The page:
Program Content Outline

  1. Introduction to HTA

    1. What is Health Technology Assessment and why is it important?
      • Describe what ‘health technology’, ‘health technology assessment’ is and key definitions linked with this process
      • Describe role of HTA in health care system; assessment process, appraisal process, and decision-making process
      • Why HTA is important for health policy, the public and patients
      • Other key terminology in HTA
    2. What are best practices in HTA?
      • Outline the fundamentals of what a ‘good’ HTA process looks like
      • Identify principles applicable to structuring and governing HTA organizations
      • How patients and other stakeholders can interact with an HTA process
      • Key aspects of HTA: Clinical evidence, economic evaluation, budget impact and uncertainty
      • Evidence Interpretation and Appraisal – Importance of process and societal and stakeholder involvement
    3. Current and future issues in HTA
      • Different and evolving approaches to implement HTA
      • Impact of HTA and barriers to impact
      • Upstream / Constructive HTA
      • Personalized medicine
      • Patient and citizen involvement
      • Transparency of process, confidentiality and conflict of interest
      • Data transparency, sharing and collaboration between HTA bodies and industry
    4. Implementing HTA
      • Formulary and benefits packages/ tiering
      • Managed entry agreements: risk-sharing/ performance-based, coverage with evidence development agreements
      • Supporting disinvestment decisions
      • Pricing and value-based pricing
      • Evidence-based / strategic procurement
    5. Local considerations for HTA
      • Results of course participant survey
      • Reflections on current and future use of HTA
      • Flexible content to fit to the context of the course e.g. a roundtable with regional stakeholders
    6. Framing and Scoping in HTA
      • Differences between policy questions and HTA questions and how they are linked
      • Depth of analysis needed in HTA (e.g., rapid , mini, or full HTA)
      • What sources of information that can be used to answer questions (such as collecting new data or using existing data), the strengths and limitations of each approach
      • Exercise: creating a question
      • Feasibility of evidence collection and potential risk to payers from decisions based on different types of evidence
  2. Conduct of HTA

    1. Developing protocols for primary evidence collection
      • Defining the need for primary evidence collection
      • What type of information contributes to a better understanding of clinical outcome (e.g., observational vs. experimental; quasi-experimental)
      • Differences in clinical information requirements for patients, payers, and regulators
      • Strengths and limitations of different study designs for clinical, economic, and psycho-social (including HRQL) impact of technology
    2. Literature searching: How to identify clinical/economic evidence from secondary sources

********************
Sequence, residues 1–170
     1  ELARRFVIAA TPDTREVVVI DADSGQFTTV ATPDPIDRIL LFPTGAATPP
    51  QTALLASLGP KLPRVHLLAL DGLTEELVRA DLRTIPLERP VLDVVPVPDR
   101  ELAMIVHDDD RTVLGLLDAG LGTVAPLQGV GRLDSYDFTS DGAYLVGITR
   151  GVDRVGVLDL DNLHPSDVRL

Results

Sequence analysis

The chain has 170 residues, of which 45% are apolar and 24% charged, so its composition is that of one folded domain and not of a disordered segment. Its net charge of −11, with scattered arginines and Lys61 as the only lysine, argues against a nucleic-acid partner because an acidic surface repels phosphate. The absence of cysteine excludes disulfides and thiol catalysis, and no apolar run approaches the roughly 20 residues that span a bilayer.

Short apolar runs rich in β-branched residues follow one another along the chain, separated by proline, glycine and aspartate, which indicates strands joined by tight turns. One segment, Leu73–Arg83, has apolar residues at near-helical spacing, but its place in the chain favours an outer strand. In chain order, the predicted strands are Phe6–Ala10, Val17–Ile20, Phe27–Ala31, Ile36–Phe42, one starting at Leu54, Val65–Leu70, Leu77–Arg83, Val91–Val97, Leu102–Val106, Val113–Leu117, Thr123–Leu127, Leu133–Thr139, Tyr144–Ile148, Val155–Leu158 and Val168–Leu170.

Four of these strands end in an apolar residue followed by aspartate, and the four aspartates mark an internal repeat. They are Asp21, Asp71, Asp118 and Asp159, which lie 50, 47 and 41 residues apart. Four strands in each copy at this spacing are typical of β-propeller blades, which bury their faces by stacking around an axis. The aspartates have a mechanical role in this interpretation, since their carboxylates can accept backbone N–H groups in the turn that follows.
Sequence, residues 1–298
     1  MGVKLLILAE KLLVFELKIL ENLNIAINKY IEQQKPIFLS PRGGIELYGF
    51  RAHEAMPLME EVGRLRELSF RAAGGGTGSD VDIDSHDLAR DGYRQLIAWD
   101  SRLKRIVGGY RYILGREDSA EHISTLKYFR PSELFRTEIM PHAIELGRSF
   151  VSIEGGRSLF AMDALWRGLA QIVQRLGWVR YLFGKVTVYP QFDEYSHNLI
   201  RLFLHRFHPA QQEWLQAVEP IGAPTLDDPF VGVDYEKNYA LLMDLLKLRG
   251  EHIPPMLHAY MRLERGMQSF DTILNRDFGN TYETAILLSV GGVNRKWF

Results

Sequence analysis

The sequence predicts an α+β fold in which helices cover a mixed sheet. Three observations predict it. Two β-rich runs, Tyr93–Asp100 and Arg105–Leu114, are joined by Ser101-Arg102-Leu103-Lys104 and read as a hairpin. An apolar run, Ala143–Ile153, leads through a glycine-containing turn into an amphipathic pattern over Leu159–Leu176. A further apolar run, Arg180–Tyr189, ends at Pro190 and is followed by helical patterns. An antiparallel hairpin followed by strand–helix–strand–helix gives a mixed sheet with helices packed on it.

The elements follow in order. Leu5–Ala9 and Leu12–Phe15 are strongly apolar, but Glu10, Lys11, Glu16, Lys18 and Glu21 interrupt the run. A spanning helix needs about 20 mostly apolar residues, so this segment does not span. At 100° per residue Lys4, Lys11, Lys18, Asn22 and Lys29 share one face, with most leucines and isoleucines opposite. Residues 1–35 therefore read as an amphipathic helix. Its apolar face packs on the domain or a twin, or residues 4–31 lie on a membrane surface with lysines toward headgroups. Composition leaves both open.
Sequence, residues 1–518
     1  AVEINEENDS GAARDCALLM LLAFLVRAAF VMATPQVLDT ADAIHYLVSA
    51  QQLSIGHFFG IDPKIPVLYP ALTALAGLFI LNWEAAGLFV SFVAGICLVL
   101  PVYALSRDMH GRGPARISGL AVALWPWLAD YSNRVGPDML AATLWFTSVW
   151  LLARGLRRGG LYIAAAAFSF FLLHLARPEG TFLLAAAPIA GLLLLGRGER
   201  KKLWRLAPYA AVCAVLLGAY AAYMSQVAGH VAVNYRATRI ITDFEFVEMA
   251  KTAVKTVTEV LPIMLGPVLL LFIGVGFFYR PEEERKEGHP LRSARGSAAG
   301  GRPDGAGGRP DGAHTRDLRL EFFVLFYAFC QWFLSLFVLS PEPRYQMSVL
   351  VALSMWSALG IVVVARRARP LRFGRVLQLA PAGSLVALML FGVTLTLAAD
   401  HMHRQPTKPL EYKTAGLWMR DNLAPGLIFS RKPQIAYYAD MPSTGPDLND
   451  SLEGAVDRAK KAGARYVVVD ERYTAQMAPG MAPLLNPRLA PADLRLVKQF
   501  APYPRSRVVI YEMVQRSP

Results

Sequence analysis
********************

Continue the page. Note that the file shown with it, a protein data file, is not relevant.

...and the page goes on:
• Various secondary information sources available and how these can be identified through searching databases and other sources
      • Strengths and limitations of using secondary sources of information (i.e., generalizability, dissemination bias)
      • General search methods common across all health technology assessments
      • Exercise: Searching PubMeb and NHS CRD
    3. Combining and interpreting clinical evidence
      • Differences between efficacy and effectiveness
      • How to use and interpret observational (i.e., real-world evidence), modeling studies and meta-analysis (including indirect treatment comparison)
      • How to interpret patient reported outcome measures including health-related quality of life instruments
      • How clinical data can be combined with data on health-related quality of life
      • Exercise: Using the ISPOR Assessing Observational/Modeling Studies for Health Care Decisions Task Force Report
    4. Costing and economic evaluation
      • Introduction to economic evaluation
      • Best practices in conducting and reporting economic evaluation
      • Best practices and issues related to study- based economic evaluation
      • Best practices and issues related to model- based economic evaluation
      • Exercises: Appraising economic studies; Conducting and transferring economic evaluation
    5. Budget Impact Analysis
      • Differences between a budget impact analysis and economic evaluation
      • How to conduct budget impact analysis
      • How economic evaluation and budget impact analysis can be used to address policymaker uncertainty
      • Exercise: Implementing economic evaluation
    6. Combining ethical, legal, social, cultural and other forms of evidence in HTA
      • Best practices in conducting and reporting research on ethical, legal, social and cultural impacts of technology
      • How do these forms of evidence overlap with clinical and economic evidence and evidence from patients?
    7. Evidence Appraisal – Methods for integrating societal and stakeholder values
      • Principles of combining social value including patient perspectives into an appraisal of evidence
      • Role and use of multi-criteria decision analysis and other approaches for combining perspectives
      • Best practices in patient engagement
      • Best practices in deliberative methods (processes)